Scherzer gives new meaning to 'command'

Scherzer gives new meaning to 'command'

CHICAGO -- Manager Matt Williams was a bench coach with the D-backs a few years ago and got to watch a young Max Scherzer work on a regular basis.

The way Williams sees it, Scherzer had the same stuff then but wasn't close to being the pitcher who dominated the Cubs in a 3-0 win on Wednesday.

"He's got a real good plan for everybody that he faces," Williams said. "He's diligent about it, he takes time to work on it and he's got extra gears that a lot of people don't have. He threw one fastball 98 [mph], for crying out loud. When he needs to reach back, he can do it."

Scherzer (6-3) cruised through the formidable Cubs' lineup. He tossed seven shutout innings and struck out 13, but that doesn't begin to describe how in complete command he was. It was the promise of performances like this that caused the Nationals to be big spenders on the free-agent market over the winter.

"He's unbelievable," said Bryce Harper, whose solo homer backed Scherzer's cause. "He's definitely as good as advertised. I'm glad he's on our team, because he's a lot of fun to watch. He goes out there and competes and he's such a bulldog out there. To have a guy like that to play behind is something very special, and we tip our cap to him every time he's out there."

Scherzer lowered his ERA to an impressive 1.51, but the mention of his numbers didn't draw much of a reaction.

"Numbers are going to take care of themselves," Scherzer said. "I'm not worried about good numbers or bad numbers. You worry about the process. You worry about how you're throwing the ball, how you're executing your pitches. I really feel like I'm locating the fastball well, and I'm starting to get better now at executing righty-righty changeups. That's been one of my strengths my whole career, and I don't feel like I've done it as well early in the season.

"Tonight I felt like I threw a couple of really good righty-righty changeups. Once I can get that pitch going, it just gives me another weapon to attack these hitters."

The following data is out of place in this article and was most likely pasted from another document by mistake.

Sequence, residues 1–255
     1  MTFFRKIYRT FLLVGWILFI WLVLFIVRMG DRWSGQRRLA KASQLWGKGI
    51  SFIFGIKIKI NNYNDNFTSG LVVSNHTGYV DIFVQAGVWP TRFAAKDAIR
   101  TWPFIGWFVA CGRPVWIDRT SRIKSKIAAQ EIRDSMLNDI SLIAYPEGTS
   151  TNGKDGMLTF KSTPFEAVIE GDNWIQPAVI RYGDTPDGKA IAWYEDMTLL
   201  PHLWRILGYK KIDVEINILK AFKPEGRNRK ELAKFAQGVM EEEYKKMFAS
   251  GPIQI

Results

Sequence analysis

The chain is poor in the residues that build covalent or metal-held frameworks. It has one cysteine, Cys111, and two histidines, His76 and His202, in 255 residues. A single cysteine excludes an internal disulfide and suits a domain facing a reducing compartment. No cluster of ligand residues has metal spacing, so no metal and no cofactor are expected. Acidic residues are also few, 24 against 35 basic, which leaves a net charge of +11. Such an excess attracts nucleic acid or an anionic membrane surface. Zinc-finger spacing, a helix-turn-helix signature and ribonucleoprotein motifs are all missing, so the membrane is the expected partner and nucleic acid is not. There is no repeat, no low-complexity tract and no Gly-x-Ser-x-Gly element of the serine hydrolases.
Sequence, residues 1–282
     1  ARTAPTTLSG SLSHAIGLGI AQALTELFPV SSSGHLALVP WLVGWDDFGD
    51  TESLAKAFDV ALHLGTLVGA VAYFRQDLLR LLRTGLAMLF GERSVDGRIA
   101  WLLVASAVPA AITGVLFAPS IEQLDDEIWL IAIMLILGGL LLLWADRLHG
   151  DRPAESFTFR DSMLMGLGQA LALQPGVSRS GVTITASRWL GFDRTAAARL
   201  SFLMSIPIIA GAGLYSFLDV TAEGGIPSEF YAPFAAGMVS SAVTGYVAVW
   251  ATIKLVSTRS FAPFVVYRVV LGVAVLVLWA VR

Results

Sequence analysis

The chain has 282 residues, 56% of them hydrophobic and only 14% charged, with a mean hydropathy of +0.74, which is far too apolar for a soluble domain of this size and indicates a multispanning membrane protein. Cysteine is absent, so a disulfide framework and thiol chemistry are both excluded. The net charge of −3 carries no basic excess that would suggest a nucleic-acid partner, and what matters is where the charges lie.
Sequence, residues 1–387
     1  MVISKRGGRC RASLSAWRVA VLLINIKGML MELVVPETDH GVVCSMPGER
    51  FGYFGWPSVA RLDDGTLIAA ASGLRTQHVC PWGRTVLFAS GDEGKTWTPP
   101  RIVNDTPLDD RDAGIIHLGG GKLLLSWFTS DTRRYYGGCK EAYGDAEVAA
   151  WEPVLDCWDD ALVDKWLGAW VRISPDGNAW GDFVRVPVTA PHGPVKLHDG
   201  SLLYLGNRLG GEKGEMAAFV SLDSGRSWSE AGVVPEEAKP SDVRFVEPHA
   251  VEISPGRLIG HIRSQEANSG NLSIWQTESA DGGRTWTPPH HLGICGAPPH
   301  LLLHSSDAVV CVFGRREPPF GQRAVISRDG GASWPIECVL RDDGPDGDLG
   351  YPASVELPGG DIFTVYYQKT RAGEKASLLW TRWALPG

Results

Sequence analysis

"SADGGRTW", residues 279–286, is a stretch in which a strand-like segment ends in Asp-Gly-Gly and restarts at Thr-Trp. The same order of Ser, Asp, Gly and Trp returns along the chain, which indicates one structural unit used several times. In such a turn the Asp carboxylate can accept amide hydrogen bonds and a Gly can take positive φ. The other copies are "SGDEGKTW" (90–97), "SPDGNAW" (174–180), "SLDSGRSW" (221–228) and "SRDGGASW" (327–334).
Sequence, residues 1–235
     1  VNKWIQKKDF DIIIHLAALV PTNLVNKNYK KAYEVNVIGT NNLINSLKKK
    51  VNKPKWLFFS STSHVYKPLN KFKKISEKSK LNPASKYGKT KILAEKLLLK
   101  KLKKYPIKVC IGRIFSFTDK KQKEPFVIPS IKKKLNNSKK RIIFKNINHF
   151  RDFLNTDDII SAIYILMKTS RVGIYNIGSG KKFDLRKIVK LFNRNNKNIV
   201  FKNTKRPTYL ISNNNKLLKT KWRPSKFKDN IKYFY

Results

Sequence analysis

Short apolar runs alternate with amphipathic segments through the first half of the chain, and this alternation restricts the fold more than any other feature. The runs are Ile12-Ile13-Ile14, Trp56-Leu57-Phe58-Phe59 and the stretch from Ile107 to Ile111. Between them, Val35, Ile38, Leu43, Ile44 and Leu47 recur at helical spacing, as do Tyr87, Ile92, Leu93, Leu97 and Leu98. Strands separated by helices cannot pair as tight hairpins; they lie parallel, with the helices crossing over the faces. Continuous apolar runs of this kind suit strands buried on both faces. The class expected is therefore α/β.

That's really bad news for National League hitters.

Before the game, Cubs manager Joe Maddon lamented the fact that Scherzer followed him to the NL this season after both spent time in the American League. This performance did nothing to change those feelings.

"He was pretty good," Maddon said. "He didn't lose anything [during the game]. There was no letup in his stuff, location. I've seen it before, way too often."

Jon Lester (4-3) started for the Cubs. The matchup was billed as a marquee meeting between the top two prizes of last offseason's free-agent market, and it didn't disappoint. Both pitchers were sharp. Scherzer was just a little bit better.

"You just have to bring your 'A' game," Scherzer said. "I've faced [Lester] before, and he can absolutely deal. You know how good he is, and you just know that you have to match him. You have to go through your scouting report and keep executing everything that you need to do, because there's going to be no room for error. Because if you slip up, he'll make you pay for it."

On this night there was no slipping up for Scherzer, who allowed five hits and only walked one.

But more than his stuff, his new teammates have been impressed with his determination.

"It's amazing the switch he has," shortstop Ian Desmond said. "For seven or eight innings, he goes out there and doesn't talk to anyone, he's laser-focused and then he comes out of the game and he's in the dugout rooting for everyone and having a good time.

"His intensity level is very high, and his work ethic is second to none. The guy's an animal. It's been a really fun experience playing behind him so far."

John Jackson is a contributor to MLB.com. This story was not subject to the approval of Major League Baseball or its clubs.